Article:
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This content was first published 1 year ago and may be superseded by events or new information. Please bear this in mind when evaluating this news article.

To mark May Day 2020, the Union of Students in Ireland is renewing its calls for the Living Wage to become Ireland’s National Minimum Wage so all employees are working for a wage that can support an acceptable standard of living.

The USI is urging the next government to make legislating for the Living Wage one of the top priorities on its agenda and to deal with it early in the next programme for government.

And the USI is also calling on businesses to introduce a Living Wage for its employees in order to ensure their workers and their families are not living below the poverty line while working.

The USI has made several submissions to the Low Pay Commission – the latest in March 2020 – outlining its argument that the Living Wage is the gross pay necessary to provide a minimum adequate income.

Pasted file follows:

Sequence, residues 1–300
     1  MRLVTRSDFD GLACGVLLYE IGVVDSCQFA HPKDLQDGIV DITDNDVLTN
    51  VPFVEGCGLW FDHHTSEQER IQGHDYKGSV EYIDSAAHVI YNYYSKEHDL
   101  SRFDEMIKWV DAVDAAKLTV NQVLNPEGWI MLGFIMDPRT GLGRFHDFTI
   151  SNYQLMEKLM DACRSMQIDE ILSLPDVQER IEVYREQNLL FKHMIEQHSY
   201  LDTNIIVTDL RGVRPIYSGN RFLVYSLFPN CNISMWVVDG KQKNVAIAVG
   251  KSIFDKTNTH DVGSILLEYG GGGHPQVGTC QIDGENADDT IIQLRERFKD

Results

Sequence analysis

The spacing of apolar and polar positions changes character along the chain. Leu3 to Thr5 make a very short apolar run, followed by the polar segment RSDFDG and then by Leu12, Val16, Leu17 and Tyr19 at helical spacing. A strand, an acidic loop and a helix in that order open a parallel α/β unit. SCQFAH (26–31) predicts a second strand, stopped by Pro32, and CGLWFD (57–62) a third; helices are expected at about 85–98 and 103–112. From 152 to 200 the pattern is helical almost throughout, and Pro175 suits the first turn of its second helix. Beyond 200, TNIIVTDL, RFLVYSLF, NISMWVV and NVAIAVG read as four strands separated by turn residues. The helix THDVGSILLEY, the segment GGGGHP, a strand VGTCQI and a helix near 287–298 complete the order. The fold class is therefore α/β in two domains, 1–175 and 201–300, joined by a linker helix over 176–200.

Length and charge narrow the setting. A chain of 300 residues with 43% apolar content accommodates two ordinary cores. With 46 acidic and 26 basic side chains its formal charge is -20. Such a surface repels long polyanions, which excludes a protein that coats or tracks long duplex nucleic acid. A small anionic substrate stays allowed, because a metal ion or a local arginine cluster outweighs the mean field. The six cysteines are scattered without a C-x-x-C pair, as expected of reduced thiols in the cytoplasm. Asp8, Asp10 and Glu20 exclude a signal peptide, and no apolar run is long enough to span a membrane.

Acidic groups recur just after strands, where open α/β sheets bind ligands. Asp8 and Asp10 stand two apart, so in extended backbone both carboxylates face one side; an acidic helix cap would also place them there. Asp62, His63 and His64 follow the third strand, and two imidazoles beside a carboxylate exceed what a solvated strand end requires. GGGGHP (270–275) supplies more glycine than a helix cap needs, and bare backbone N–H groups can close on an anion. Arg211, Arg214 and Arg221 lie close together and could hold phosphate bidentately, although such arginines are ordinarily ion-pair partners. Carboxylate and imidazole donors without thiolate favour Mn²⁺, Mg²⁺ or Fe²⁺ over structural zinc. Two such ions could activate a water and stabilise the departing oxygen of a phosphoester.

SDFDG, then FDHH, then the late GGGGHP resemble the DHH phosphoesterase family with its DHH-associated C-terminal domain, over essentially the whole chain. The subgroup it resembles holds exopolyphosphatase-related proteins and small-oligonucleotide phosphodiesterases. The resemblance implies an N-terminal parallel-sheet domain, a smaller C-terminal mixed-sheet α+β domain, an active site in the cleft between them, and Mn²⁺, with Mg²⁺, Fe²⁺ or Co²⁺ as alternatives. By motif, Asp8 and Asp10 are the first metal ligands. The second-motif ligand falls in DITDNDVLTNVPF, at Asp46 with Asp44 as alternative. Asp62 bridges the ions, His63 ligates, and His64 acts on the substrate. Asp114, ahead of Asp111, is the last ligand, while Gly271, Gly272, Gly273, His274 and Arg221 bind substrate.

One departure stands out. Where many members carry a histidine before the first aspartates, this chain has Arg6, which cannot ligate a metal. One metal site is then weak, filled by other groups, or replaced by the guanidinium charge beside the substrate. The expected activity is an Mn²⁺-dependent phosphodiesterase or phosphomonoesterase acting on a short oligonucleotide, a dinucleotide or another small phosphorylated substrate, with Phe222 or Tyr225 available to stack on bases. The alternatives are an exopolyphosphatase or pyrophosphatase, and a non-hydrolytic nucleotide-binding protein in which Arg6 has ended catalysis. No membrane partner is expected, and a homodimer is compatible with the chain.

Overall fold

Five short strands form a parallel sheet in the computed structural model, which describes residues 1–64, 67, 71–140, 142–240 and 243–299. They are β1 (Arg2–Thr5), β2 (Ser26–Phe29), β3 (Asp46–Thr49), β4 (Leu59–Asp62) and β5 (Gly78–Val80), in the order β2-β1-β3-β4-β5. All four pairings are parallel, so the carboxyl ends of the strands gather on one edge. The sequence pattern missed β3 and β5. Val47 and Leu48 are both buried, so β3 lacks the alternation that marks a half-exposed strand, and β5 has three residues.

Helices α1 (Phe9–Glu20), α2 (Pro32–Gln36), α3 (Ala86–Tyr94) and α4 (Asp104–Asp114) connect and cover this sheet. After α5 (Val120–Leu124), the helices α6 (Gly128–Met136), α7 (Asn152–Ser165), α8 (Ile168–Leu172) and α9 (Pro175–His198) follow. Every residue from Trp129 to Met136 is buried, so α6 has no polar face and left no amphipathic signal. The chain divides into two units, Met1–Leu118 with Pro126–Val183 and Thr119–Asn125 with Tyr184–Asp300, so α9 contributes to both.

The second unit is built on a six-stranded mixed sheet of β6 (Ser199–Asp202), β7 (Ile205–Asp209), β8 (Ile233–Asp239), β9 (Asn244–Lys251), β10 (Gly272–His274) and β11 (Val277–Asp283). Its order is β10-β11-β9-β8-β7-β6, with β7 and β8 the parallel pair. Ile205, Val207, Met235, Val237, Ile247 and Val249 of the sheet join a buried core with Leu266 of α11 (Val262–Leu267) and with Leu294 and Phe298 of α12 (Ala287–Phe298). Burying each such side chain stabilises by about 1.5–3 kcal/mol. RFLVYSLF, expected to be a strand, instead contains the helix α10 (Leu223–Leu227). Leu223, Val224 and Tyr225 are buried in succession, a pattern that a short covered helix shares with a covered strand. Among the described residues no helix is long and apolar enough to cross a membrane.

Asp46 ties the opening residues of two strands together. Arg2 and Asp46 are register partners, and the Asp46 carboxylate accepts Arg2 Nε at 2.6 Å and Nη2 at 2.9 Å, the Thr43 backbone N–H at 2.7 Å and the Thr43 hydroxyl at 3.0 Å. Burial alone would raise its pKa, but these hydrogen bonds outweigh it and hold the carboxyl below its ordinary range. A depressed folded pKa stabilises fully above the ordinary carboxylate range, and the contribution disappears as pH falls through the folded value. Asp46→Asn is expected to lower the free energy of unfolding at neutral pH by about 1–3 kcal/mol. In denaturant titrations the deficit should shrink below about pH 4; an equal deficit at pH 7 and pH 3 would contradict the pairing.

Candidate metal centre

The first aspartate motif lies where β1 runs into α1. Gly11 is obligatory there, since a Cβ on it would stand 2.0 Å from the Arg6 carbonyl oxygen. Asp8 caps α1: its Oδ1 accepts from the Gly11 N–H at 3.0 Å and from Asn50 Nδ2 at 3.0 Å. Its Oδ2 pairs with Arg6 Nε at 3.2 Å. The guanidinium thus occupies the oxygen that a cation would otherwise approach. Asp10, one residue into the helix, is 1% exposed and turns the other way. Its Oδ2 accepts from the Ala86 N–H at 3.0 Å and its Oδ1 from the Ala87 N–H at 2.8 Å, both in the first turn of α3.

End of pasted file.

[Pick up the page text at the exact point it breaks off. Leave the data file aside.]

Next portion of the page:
The calculation of the Living Wage is evidence based, built on budget standards research and grounded in social consensus.

The USI believes that the Living Wage would prevent exploitation, ensure minimum standards in terms of compensation and prevent race-to-the-bottom wage competition, while also protecting students and other vulnerable groups, including migrants.

As the Irish Living Wage campaign (www.livingwage.ie) outlines: “Earnings below the living wage suggest employees are forced to do without certain essentials so they can make ends meet.”

An increase in the National Minimum Wage to a Living Wage would see benefits for the low-paid students who are working to support their attendance in third-level education.

The USI also believes that all employees should be entitled to the full minimum wage and calls for an end of wage discrimination for those under 20-years-old, who are not currently legally obliged to be paid the National Minimum Wage.

The current Irish National Minimum Wage is €10.10 per hour while the current Irish Living Wage is calculated at €12.30 per hour.

This content was first published 1 year ago and may be superseded by events or new information. Please bear this in mind when evaluating this news article.